Training for working Canadians is scarce, and the people who most need it are the least able to get it. As global competition and technological change increase, Canada needs to create effective and inclusive systems of training, which are essential for innovation, growth, employment and good incomes. In this report, Daniel Munro looks at Canada's strengths and weaknesses, training models from around the world, and suggests improvements to lifelong learning systems.

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Executive Summary

As work evolves, workers need the right mix of skills and continuous learning opportunities at all career stages. Training programs need to function well, and the market must enable a smooth flow of workers into and out of positions while ensuring lifelong learning.

While Canada’s K-12 education system is a world leader in equipping children and young people with the skills they need, training opportunities for workers in the labour force are scarce and unevenly distributed. Less than one-third of Canadians receive job-related, non-formal education. Those who do, receive only 49 hours of instruction annually, below the OECD average of 58 hours. Worse, the people who most need additional training are the least able to receive it. Less educated, Indigenous and older workers, as well as those workers living in rural and remote communities, are less likely to receive workplace training.

A better skills and training system must address the reasons employers do not or cannot provide enough training and development. These reasons include cost; the fear that employees will take their new knowledge to other organizations; and information gaps in what skills and knowledge they may want their employees to acquire. Employers may also believe it is easier to poach skilled employees from other firms and to place pressure on formal education systems to produce skilled “work-ready” graduates than it is to train their existing employees.

Training models around the world offer lessons for Canada to improve its training systems and programs. In successful models, companies, educational institutions and other organizations work together to fund training initiatives that benefit workers and firms alike, as in Sweden’s job security councils, the Technology Apprenticeship Program that PwC in the United Kingdom launched with five universities, and the training and skills programs developed by Italian sports car manufacturers.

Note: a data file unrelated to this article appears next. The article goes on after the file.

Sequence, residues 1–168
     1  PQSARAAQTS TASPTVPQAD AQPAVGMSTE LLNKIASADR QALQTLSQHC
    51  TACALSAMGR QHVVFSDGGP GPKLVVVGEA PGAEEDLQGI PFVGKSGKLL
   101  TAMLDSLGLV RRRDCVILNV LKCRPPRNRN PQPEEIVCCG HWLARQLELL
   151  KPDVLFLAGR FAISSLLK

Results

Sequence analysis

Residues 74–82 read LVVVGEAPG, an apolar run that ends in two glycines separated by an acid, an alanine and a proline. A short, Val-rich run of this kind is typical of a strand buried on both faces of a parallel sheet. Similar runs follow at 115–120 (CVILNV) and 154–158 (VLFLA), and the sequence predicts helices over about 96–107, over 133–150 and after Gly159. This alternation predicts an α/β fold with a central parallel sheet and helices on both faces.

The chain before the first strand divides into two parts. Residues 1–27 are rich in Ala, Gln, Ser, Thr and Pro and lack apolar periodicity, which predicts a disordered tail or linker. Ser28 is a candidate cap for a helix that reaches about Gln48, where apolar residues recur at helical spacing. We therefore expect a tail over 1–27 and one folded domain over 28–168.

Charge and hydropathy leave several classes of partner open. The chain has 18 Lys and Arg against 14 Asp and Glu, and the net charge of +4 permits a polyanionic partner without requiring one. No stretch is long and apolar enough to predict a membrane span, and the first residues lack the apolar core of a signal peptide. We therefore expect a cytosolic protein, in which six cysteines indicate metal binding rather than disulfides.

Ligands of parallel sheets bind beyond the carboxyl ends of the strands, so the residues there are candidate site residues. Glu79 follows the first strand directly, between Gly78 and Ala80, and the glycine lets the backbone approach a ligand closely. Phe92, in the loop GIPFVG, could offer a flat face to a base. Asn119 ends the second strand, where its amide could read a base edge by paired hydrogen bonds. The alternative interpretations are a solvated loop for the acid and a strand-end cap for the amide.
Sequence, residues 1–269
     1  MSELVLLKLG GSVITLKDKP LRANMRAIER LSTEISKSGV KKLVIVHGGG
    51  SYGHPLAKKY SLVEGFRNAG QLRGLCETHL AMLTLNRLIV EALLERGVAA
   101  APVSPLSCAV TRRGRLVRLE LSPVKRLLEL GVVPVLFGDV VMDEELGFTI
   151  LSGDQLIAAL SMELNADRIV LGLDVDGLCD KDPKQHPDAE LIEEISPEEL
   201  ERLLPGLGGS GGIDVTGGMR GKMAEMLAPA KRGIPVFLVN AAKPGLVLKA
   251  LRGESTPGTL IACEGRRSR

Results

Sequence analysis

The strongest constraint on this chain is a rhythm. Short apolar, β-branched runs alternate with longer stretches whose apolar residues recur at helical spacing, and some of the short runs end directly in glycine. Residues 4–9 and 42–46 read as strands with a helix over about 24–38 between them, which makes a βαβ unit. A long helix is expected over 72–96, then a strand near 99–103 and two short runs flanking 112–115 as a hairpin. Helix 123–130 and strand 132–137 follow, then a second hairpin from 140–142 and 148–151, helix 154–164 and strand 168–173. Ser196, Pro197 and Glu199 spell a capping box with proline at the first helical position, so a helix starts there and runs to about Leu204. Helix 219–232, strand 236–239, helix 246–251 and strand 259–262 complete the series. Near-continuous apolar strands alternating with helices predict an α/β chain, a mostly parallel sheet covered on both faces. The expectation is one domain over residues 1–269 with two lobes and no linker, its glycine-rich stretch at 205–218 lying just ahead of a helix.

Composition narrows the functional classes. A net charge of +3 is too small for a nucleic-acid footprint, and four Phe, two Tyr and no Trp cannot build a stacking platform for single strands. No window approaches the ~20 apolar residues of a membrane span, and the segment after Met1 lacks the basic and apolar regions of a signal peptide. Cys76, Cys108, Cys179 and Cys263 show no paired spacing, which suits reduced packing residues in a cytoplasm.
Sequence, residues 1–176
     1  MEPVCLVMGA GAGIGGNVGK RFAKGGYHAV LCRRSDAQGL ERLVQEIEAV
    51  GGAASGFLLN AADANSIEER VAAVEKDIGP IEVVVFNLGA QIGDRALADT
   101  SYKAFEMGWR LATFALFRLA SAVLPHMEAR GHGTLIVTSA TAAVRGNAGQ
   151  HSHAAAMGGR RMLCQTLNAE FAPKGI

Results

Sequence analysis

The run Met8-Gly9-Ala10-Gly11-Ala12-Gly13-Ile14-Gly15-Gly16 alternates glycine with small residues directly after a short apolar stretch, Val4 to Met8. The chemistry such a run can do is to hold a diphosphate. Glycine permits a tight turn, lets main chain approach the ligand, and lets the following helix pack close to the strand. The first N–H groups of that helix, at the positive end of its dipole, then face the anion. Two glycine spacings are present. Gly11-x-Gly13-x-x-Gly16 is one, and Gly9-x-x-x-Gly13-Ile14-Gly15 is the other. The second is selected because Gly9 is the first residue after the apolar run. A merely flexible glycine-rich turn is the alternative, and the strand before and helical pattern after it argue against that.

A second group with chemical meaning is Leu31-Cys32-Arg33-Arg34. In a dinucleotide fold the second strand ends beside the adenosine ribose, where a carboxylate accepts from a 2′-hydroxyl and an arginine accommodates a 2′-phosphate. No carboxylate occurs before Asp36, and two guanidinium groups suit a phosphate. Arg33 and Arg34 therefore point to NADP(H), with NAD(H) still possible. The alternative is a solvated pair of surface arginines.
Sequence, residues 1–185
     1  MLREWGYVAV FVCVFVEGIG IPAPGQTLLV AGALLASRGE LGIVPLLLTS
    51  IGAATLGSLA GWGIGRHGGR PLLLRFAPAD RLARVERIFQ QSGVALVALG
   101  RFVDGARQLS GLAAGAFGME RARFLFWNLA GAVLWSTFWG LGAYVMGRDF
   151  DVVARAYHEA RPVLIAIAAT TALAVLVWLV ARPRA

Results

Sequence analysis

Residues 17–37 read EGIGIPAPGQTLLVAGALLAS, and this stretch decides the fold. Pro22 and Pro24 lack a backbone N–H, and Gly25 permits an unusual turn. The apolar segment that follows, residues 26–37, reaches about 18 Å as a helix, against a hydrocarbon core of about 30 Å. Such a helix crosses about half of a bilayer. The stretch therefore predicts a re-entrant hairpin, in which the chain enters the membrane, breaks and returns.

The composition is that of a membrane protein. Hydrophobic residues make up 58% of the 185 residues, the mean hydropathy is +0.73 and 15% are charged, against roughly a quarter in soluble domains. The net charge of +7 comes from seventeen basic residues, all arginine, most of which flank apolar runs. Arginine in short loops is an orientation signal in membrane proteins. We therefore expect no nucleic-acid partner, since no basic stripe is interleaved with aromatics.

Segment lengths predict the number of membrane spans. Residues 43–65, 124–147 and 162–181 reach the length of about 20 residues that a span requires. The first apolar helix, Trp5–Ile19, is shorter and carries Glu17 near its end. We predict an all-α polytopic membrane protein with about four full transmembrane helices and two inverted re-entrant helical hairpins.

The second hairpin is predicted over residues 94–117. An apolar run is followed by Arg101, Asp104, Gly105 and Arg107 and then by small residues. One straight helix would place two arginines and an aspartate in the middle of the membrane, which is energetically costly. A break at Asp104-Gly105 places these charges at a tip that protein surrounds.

Canada can also improve and expand its existing policy instruments. Lifelong Learning Plans, which allow workers to draw from their RRSPs in order to fund new training and education for themselves or their spouses, could be revised to allow employers to contribute more to accounts and to provide additional federal funds to match contributions. The success of Quebec’s legislation that requires firms to spend at least one percent of revenues on employee training annually could be replicated by other provinces.

As Canada improves its systems of skill development, training and lifelong learning, it should:

  • Emphasize foundational skills, without which workers struggle to learn new skills and knowledge;
  • Improve equity and inclusion of training and skill development opportunities;
  • Encourage cost-sharing among industry, workers and government;
  • Encourage information-sharing among educational institutions, industry, unions and other stakeholders, and sound analysis of that information; and
  • Track program effectiveness.

A highly skilled and educated population is essential to economic growth and social well-being. In the face of rising global competition and rapid technological change, effective and inclusive systems of training and development are essential for innovation, growth, employment and good incomes. To ensure that our innovation economy is strong and benefits everyone, changes are needed to make Canada’s skills, training and lifelong learning systems more accessible, inclusive and effective.

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